The Danger of Counterfeits

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Apple Watch knock offs on sale almost immediately after Apple’s press conference and very real looking fake Xiaomi smartphones feature in-built malware. What are the dangers of buying cheap or counterfeit tech?


It’s been going on for years. Anyone who’s stumbled into less savoury parts of the Internet or turned down the wrong alley in London knows that knock-off tech is everywhere.

Larger websites like eBay or Amazon are quick to clamp down on cheap knock-off product but not everyone has a reputation to maintain.

A few weeks ago news emerged that Xaiomi, fast growing Chinese smartphone company, released a phone that had built-in malware. It later turned out to be a very convincing forgery packed with dodgy software.

A little more recently Apple held their press conference revealing the Apple Watch in full, amongst other things. Meanwhile on Taobao, China’s most popular online shopping service, almost identical off-brand watches began appearing for a fraction of the, only recently announced, price.


“Trust of the software…”


Mark James, ESET security specialist, always talks about the trust issue. He uses it in reference to phishing, drive-by-downloads, really any kind of security issue has a trust element.

“We always tell people to watch what they install, don’t follow links, be mindful of clicking links in emails and being directed to dodgy websites.

“When malware is pre-installed the end user will have an immediate trust of the software on that machine as its “out of the factory” and therefore seemingly safe. Most users would not ever question what’s installed on their default hardware.

“The other benefit is embedding it into the everyday tools we use our devices for. The cost of mainstream devices like Samsung S5 or iPhone 6 are huge, when a like for like device is offered at a third of the cost many people will take you up on that offer, we all like to save a few pounds.”

“Embedding into the everyday tools” is exactly what happened with Xiaomi. The dodgy device had pre-installed cracked version of common apps used to benchmark and check the authenticity of a device, therefore it appeared to be authentic to all but the most trained eye.


“Updates and fixes…”


Marks points out that even if Malware isn’t installed on the device by default you can still be vulnerable due to general build quality and policy.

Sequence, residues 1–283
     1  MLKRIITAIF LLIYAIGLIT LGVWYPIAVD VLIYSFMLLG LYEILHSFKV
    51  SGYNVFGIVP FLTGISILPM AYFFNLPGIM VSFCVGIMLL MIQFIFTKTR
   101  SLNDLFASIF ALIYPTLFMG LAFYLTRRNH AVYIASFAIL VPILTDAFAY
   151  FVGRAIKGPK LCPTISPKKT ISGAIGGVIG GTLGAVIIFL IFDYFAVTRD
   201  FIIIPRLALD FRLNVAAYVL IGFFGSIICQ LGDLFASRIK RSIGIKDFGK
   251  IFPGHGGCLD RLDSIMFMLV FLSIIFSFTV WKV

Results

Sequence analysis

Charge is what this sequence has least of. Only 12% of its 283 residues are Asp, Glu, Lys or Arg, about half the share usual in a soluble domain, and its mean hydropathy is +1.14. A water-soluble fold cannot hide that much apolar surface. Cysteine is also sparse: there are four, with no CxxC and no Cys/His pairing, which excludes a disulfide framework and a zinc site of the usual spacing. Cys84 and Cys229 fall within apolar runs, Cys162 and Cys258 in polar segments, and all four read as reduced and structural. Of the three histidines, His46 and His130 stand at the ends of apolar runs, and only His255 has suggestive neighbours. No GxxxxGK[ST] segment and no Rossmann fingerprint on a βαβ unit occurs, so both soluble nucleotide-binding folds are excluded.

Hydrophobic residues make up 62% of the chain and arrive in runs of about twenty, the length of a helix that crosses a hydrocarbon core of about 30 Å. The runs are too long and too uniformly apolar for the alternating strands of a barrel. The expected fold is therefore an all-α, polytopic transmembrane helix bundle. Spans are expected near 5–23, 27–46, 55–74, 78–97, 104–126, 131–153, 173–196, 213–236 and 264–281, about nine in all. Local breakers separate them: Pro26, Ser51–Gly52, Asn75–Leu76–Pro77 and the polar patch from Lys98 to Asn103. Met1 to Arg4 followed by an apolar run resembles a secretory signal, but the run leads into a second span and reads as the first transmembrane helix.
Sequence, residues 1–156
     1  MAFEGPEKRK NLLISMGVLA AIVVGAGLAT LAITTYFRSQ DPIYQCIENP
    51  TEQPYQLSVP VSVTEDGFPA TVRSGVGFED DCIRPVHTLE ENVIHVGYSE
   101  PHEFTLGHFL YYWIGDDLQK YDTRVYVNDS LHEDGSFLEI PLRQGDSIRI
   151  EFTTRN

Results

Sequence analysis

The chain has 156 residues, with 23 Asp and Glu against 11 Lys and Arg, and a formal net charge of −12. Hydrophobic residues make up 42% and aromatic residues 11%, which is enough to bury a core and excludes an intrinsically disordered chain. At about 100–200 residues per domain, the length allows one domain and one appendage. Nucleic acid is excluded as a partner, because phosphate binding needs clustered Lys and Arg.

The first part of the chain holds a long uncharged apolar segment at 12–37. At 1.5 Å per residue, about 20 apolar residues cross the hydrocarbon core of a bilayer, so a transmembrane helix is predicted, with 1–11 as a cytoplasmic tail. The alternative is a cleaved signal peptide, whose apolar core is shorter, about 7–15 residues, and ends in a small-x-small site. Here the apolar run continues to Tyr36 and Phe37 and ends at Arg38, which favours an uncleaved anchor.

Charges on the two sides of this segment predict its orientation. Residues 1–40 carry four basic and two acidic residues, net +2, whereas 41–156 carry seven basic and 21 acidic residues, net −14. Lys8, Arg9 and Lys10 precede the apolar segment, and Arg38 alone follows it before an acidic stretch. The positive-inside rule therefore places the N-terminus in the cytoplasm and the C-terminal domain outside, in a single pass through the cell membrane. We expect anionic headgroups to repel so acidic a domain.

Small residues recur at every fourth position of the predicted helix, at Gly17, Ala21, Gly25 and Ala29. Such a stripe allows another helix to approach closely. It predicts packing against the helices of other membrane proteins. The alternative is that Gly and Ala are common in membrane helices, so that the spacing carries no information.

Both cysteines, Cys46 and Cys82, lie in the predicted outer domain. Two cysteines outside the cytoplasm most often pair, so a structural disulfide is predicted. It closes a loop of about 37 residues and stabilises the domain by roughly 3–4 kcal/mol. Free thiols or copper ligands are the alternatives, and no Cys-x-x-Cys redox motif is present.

“Quite often they use substandard or cheap components; either does not offer or cannot support a warranty and will cut corners with the operating system itself.”

The knock-off Apple Watches for example apparently us Android as an OS rather than iOS: presumably due to Androids open nature compared to iOS, although the UI is remarkably similar to that of Apple’s.

“The long term problems with this are timely updates or even ever getting an update, especially if it’s a security fix. The main manufacturers will offer updates and fixes as soon as they are able to keep up their good name.

“Knockoffs or dodgy suppliers don’t care about their reputation so will want to shift as many dodgy units as they can.”


“If it looks too good to be true…”


“The old one is my favourite – if it looks too good to be true, it is!

“Usually with technology you only get what you pay for. If you’re paying a third of the cost you might be getting a good camera, a fast processor and a decent amount of ram but to deliver that they will compromise on good quality fully tested components.”

The knock-off Apple Watches are roughly a tenth of the price they are due to launch at in China. There’s no way you are going to get the kind of after-care and warranty you would with Apple.

“With any product the warranty is factored into the cost, look out for badly designed cases, sharp or rough edges, similar logos and also bear in mind that the chargers themselves may be sub-standard and could even be a fire hazard.”

Beware those fakes!


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Have you ever bought a knock-off piece of tech? Did you regret it?